While not everyone has a diagnosed mental illness, every person has their own mental health with unique needs and challenges. It is time that we extend the same empathy and aid to mental health as we do to physical health. One of the best ways to end the stigma surrounding mental health is by spreading the idea that it is always ok to take a break for your mental wellbeing, especially for teens and students. Hailey Hardcastle is a freshman at the University of Oregon and a student mental health advocate. This year she was named one of Teen Vogues 21 under 21 most influential young people for her work on passing House Bill 2191, which allows students to take mental health days off from school. Hardcastle works with other teens nationwide to promote student advocacy and come up with creative solutions to teenage mental challenges. 

Prosocial Bystander Training

The Center for Women provides training on how to be a prosocial bystander. How to be a
Prosocial Bystander is an evidence-informed bystander intervention program that uses
community care as the foundation of intervention. This training teaches how to identify potential
violent incidents, individual responsibility to intervene, and how to do so safely and effectively
in order to maintain a safe environment for all people. To request one of these workshops, you
can fill out this form: https://cwru.az1.qualtrics.com/jfe/form/SV_9vQohlvqDqe9KtM.

Need Help?

Feeling like you need help to improve your physical or mental wellness? Click here to find out more about Case Westerns Counseling services. Click here to find out more about Case General Clinic. Click here for more information on sexual health. In immediate crisis? Call (216)368-5872 or 911 for help now.

Its on us CWRU Campaign

The Greek Life Office is encouraging the Greek community to participate in the It’s On CWRU
campaign. The Flora Stone Mather Center for Women provides violence prevention education
programs to the CWRU community through this campaign. It’s On CWRU’s mission is to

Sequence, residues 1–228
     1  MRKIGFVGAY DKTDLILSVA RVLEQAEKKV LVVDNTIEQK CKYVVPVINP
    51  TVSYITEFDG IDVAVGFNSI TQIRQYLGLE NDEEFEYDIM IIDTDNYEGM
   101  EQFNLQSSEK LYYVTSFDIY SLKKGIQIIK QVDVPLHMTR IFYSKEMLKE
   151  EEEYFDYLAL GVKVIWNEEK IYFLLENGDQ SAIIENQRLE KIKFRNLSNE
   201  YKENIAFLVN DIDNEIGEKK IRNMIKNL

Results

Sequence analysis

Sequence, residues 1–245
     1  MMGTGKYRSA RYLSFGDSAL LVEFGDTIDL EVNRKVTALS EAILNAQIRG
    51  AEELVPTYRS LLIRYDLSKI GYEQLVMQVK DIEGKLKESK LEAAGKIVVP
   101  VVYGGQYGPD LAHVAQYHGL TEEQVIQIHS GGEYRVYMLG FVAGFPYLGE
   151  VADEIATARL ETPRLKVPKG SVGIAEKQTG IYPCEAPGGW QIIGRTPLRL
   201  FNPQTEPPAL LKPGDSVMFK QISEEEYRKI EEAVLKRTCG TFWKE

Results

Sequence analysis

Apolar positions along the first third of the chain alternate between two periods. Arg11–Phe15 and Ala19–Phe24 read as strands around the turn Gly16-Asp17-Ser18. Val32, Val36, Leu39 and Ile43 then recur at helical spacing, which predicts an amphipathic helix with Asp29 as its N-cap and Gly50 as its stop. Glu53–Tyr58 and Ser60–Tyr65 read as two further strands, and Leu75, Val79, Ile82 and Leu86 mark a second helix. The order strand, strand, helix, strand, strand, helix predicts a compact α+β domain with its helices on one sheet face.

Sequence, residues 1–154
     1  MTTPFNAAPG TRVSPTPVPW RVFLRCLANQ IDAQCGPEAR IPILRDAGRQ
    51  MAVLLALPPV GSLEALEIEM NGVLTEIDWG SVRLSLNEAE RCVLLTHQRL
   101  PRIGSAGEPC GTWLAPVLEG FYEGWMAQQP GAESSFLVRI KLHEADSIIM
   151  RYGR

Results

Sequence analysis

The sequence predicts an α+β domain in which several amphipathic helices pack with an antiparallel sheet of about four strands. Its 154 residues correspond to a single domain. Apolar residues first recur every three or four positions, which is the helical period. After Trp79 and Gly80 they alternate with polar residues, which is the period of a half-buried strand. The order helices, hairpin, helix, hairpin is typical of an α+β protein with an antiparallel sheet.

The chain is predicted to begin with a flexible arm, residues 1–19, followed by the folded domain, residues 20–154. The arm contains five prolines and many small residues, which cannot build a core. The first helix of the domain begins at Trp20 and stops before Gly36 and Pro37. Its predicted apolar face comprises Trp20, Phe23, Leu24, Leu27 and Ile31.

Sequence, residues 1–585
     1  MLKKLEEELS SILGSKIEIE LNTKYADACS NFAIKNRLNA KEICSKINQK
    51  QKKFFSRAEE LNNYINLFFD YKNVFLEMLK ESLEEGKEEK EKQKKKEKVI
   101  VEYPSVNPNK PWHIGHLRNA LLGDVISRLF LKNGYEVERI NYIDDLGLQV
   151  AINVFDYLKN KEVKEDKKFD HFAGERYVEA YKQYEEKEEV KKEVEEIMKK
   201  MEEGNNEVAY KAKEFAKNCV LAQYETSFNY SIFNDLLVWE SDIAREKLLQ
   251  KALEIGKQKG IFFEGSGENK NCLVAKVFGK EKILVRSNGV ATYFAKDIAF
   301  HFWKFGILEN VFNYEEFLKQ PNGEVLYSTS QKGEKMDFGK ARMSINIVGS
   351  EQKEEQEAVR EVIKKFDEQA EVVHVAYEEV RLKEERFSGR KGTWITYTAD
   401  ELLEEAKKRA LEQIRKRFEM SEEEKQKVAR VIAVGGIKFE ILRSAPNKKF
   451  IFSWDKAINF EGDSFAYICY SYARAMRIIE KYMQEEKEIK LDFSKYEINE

disrupt the culture of violence through evidence-informed education, mutual aid, and survivor
support. We achieve our mission by shifting dominant community attitudes about sexual
violence and establishing personal responsibility to support a culture of healing.
The Center for Women prevention education work is focused on three key areas: bystander
intervention, consent education, and survivor support.
Participants in education programs will be able to:

  • define key terms and identify the root causes of power- and gender-based violence;

  • debunk myths and de-stigmatize facts about sexual violence; 

  • identify resources for continued education and services that may assist survivors;

  • understand the role that all members of our community play in ending violence; and

  • implement strategies to intervene as a prosocial bystander.

To find out more about the It’s On CWRU initiative and how you can get involved, you can
attend the next information session on Monday, April 12, 2021 from 4 to 4:30 p.m. You can sign
up for this session at this link: http://cglink.me/2cS/r991179.

Prevention Advocacy

The Prevention Advocacy Compliance Clery Team is committed to providing ongoing updates, resources, and support to all CWRU community members impacted by sexual violence. The Center for Women has created a guidebook that acts as a non-exhaustive overview of survivor support resources, violence prevention education, and CWRU sexual harassment policy guidelines. It continues to be updated and expanded as we respond to the needs of our community. While this provides basic information regarding sexual violence prevention and
response, readers are encouraged to seek out more in-depth explanations from the information
sources provided throughout the guidebook. You can access the guidebook here:
https://case.edu/centerforwomen/sites/case.edu.centerforwomen/files/2021-
02/PACCT%20Guidebook%2002-18-2021.pdf.
How to Get Involved
There are many options for the Greek community to get involved in violence prevention and
creating a safer Greek community:

  1. Community members can pre-order a It's On CWRU Toolkit for your student organization, residence hall, office, community space, or classroom. To get more information on how to request a toolkit, you can email the Center for Women at centerforwomen@case.edu.